UIC-led effort to protect the monarch butterfly surpasses 50 industry partners

Monarch butterfly
A monarch butterfly feeds on the nectar of a coneflower near the UIC Latino Cultural Center.

The population of eastern monarch butterflies overwintering in Mexico has fallen dramatically in the last three decades, and this year marked the second-lowest number ever.

However, a far-reaching partnership led by UIC to protect this vital pollinator has just gotten a boost, surpassing more than 50 companies and government agencies that have joined the partnership to create and manage monarch butterfly habitats. 

With falling monarch populations, voluntary conservation efforts have become increasingly essential to address habitat loss and threats to monarchs and other insect pollinator species.

The partnership, the Nationwide Candidate Conservation Agreement with Assurances for the Monarch Butterfly on Energy and Transportation Lands, or Monarch CCAA, is a first-of-its-kind endeavor to protect the monarch butterfly. To date, 30 energy companies, 14 state departments of transportation and seven counties across the U.S. have voluntarily committed to create and manage habitats for the monarch butterfly on energy and transportation lands. 

The University of Illinois Chicago’s Energy Resources Center, which administers the Monarch CCAA, announced that the partnership had surpassed 50 members on March 6 during the Monarchs and More Network Meeting in Austin, Texas.

“The footprint of energy and transportation rights-of-way in the U.S. is roughly half the size of the National Park system, making these linear landscapes a valuable opportunity to create quality habitat and connect existing habitat fragments,” said Iris Caldwell, program director at UIC’s Energy Resources Center.

CCAAs are formal agreements between the U.S. Fish and Wildlife Service and non-federal property owners and land managers that encourage voluntary conservation to support at-risk species such as the monarch butterfly. Through the Monarch CCAA, energy and transportation organizations voluntarily adopt conservation measures to provide and enhance monarch butterfly habitat, including milkweed, the sole food source for monarch larvae.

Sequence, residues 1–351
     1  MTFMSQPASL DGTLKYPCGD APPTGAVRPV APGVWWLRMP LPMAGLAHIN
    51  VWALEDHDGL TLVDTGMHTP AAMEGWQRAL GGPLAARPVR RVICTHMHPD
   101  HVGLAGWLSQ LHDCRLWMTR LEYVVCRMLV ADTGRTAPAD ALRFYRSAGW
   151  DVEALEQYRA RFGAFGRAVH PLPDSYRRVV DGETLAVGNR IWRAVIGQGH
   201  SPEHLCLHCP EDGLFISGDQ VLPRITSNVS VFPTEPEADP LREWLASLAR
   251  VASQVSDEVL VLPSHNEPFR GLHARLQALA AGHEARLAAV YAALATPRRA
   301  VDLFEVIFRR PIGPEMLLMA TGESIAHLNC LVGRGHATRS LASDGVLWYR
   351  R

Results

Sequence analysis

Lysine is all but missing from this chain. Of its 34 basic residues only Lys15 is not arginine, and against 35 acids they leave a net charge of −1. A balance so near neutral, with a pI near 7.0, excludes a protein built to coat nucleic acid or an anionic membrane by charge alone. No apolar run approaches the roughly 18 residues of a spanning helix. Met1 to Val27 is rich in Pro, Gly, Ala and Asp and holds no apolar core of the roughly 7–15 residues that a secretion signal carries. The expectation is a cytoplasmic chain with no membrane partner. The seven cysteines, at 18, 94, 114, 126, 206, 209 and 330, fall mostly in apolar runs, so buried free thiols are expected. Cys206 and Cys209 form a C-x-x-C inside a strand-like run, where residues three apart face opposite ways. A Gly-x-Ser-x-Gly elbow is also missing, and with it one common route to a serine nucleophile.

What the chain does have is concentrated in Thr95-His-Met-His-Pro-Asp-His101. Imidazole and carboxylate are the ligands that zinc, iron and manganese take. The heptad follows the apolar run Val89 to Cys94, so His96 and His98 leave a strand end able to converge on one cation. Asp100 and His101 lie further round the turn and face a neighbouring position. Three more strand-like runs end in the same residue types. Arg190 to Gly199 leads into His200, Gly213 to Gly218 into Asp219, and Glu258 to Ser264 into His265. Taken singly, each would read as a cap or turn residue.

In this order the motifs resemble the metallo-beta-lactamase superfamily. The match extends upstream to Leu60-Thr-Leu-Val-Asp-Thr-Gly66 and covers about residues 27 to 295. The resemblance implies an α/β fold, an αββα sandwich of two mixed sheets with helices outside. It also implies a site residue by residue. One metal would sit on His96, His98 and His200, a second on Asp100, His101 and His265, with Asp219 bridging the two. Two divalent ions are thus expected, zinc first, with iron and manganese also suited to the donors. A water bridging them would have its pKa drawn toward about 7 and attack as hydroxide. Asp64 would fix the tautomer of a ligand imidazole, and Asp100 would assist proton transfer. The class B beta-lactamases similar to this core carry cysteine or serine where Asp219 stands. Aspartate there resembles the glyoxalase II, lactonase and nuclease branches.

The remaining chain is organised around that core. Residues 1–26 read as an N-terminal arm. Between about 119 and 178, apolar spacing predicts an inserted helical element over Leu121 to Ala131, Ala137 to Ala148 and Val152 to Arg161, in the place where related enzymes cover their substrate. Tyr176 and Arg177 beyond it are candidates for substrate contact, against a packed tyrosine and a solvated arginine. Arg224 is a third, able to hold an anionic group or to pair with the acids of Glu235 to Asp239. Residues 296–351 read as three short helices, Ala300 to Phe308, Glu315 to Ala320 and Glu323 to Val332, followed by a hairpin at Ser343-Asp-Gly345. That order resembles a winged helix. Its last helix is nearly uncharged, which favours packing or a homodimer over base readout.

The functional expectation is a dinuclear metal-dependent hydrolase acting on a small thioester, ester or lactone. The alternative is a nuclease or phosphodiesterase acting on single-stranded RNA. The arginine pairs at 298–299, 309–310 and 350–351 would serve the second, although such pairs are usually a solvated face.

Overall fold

With current partnership commitments, approximately 915,000 acres will be managed as monarch habitat across 41 states. Partners must monitor the habitat they create or manage under the agreement, which adds to the overall understanding of the availability of habitat resources on energy and transportation lands.

Since the Monarch CCAA was established in 2020, enrolled partners have collected habitat data from more than 6,980 plots. The aggregated data are reported to the U.S. Fish and Wildlife Service’s Monarch Conservation Database to inform upcoming listing decisions under the Endangered Species Act.

“This milestone is a great example of how public-private partnerships can be successful to conserve vulnerable species, like the monarch butterfly,” said Will Meeks, Midwest regional director of the U.S. Fish and Wildlife Service. “I want to thank each and every enrollee for driving this agreement forward to increase habitat that not only benefits monarchs, but an array of other wildlife and plant species.”

The Monarchs and More Network meeting, hosted by UIC’s Rights-of-Way as Habitat Working Group, the Monarch Joint Venture and Farmers for Monarchs networks, brings together more than 200 partners to support cross-sector collaboration efforts for pollinator conservation.

“We continue to be encouraged by the level of interest in the Monarch CCAA program. There is visible enthusiasm among our energy and transportation partners to help address the conservation needs of monarchs and other pollinators,” Caldwell said. “As we celebrate this enrollment milestone, we are excited about the future of the program as it grows in terms of number of partners engaged and habitat acres on the ground.”


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